Apologies again for the long break. My life as a lawyer is so thoroughly soul-draining that it is hard to find the motivation to make an effort at anything else. Thanks to Atlus, I can at least find an escape into an apocalyptic hellscape with the recently released 3DS game Shin Megami Tensei: Strange Journey Redux, a remake of the infamously difficult 2010 DS title Strange Journey. Three dungeons in, I can say that I’m enjoying it so far – for the most part. Strange Journey Redux is a mainline Shin Megami Tensei game that plays as you would expect. You fight and recruit demons while trying to either save humanity, follow God/YHVH and create a world of light, or join Lucifer and plunge the world into chaos. (This is not a spoiler – it’s the plot of every SMT game.) Strange Journey and Redux both differ from other SMT games in that they take place in Antarctica with a cast of space marines rather than in Tokyo with a cast of students (or knights/samurai in SMT4.) SJ is also much more of a dungeon crawler than the other SMTs – the lower screen of the DS/3DS is dedicated to the map, which is filled in as you explore.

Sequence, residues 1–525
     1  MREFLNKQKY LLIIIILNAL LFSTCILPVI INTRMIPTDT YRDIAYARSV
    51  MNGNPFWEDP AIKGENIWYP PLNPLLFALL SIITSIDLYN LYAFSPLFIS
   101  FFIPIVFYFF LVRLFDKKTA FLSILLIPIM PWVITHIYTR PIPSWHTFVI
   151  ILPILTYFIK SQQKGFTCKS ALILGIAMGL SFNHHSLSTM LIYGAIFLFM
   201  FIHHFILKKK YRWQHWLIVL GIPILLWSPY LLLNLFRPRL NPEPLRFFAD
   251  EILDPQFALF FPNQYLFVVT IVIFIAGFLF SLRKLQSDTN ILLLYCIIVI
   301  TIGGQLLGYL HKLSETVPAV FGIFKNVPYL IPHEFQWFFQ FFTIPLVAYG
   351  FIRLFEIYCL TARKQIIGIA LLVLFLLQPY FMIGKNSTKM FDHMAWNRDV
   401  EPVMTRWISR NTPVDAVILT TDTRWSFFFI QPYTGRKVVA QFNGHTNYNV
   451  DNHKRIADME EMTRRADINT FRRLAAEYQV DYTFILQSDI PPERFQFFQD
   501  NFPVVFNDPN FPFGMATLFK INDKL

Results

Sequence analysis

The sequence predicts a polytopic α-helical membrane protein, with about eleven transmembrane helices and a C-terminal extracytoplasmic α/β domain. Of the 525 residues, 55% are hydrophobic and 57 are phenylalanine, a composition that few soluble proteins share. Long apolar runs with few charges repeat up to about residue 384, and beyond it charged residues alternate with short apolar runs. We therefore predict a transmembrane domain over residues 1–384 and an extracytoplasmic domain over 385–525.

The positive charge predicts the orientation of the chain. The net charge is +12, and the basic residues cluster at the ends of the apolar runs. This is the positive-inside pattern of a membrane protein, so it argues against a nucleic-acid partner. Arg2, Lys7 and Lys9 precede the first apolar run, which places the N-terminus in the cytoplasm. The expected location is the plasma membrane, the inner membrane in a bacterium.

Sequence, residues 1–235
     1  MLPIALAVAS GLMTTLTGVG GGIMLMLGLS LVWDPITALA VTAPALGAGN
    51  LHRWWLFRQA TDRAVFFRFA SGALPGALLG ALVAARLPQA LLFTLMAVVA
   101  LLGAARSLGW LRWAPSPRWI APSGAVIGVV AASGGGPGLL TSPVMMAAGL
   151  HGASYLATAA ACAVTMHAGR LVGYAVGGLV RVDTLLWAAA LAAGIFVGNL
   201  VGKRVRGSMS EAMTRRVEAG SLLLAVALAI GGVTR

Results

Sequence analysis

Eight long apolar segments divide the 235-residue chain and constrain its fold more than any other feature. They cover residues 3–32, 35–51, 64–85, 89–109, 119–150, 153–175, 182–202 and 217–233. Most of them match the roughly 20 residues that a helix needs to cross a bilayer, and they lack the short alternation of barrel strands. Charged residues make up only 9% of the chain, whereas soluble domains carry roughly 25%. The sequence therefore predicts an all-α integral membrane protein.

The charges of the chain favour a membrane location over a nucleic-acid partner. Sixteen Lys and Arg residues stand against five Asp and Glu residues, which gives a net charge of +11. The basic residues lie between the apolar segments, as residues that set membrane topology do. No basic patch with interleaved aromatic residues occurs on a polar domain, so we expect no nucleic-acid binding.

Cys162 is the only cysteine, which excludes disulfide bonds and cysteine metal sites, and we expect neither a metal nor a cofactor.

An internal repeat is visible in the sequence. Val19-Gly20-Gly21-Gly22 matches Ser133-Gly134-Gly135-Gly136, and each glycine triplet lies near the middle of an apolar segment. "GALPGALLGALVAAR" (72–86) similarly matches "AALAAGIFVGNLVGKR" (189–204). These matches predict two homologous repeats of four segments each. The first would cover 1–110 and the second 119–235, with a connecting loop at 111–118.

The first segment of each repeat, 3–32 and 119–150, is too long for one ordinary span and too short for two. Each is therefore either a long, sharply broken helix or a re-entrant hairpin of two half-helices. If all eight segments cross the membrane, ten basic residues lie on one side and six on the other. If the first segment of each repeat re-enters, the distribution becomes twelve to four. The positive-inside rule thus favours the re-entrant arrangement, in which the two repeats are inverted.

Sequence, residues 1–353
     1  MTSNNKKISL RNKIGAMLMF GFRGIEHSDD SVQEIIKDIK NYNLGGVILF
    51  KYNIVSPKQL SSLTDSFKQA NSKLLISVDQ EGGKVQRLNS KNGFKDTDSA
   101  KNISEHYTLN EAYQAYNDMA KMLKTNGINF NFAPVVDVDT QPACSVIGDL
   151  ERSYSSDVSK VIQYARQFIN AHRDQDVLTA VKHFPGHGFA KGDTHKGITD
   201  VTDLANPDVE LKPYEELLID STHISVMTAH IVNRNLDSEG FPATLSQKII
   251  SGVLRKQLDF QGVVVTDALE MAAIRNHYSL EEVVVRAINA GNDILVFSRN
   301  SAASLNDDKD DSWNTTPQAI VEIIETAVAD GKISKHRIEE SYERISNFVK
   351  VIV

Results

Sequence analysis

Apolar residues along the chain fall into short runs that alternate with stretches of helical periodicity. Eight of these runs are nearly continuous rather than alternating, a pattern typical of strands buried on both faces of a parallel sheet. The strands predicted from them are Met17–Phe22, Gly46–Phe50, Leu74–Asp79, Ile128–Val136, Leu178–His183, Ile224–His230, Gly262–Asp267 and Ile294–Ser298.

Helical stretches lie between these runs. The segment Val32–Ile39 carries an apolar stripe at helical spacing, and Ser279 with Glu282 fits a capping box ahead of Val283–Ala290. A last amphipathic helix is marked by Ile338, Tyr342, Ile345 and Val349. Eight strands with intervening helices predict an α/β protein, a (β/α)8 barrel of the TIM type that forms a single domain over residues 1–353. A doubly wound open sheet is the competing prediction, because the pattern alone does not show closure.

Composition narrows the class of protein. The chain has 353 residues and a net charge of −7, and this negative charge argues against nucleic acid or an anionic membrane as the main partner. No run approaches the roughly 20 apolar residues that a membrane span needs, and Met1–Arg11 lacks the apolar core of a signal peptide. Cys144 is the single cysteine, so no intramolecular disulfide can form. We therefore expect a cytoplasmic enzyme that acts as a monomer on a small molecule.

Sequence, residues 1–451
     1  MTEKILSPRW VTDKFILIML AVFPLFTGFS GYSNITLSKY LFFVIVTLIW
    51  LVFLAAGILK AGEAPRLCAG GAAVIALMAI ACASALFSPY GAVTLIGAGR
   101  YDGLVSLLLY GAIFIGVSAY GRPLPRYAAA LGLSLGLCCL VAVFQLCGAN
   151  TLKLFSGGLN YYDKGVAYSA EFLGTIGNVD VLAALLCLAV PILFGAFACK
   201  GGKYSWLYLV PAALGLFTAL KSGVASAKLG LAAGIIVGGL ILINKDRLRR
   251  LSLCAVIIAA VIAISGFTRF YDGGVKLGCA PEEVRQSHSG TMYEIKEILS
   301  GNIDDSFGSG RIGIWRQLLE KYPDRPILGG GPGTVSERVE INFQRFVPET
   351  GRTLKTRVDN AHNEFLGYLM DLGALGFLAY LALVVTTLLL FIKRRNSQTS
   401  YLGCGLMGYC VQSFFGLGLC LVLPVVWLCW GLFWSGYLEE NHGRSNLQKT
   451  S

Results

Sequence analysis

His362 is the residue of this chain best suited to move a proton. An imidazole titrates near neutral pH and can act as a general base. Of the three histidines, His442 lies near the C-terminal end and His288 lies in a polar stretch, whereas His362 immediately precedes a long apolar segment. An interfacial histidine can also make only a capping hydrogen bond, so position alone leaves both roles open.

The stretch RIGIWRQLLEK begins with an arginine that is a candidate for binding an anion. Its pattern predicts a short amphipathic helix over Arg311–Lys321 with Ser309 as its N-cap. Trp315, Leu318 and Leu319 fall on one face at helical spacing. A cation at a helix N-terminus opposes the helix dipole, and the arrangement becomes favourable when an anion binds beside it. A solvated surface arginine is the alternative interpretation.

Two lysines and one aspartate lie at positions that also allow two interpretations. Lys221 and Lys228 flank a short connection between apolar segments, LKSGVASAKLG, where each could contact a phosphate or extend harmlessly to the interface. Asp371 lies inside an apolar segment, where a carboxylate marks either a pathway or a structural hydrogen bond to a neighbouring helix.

Redux features a new coat of paint and a bunch of extras – voice acting, improved graphics, new demons to fight and fuse, a few anime cutscenes, some DLC that isn’t worth buying. All that stuff (aside from the DLC) is great. What isn’t so great, at least so far, is the new character Alex, a young woman in a red coat who drops in on your player character and murders him. She is pretty aggravating. Not very interesting either, if she’s supposed to be what I think, which is a Sarah Connor type-“I have to kill these people to save the future” girl. Bleh.
The main character is revived in the Womb of Grief, a Labyrinth of Amala-style optional (I think) dungeon, by Demeter, the Greek goddess of the harvest and fertility. Why they decided to design a fertility goddess as a little kid is beyond me. Someone should ask new character designer Masayuki Doi.
Anyway, Strange Journey Redux is good so far. I hope I’ll survive my job long enough to finish it.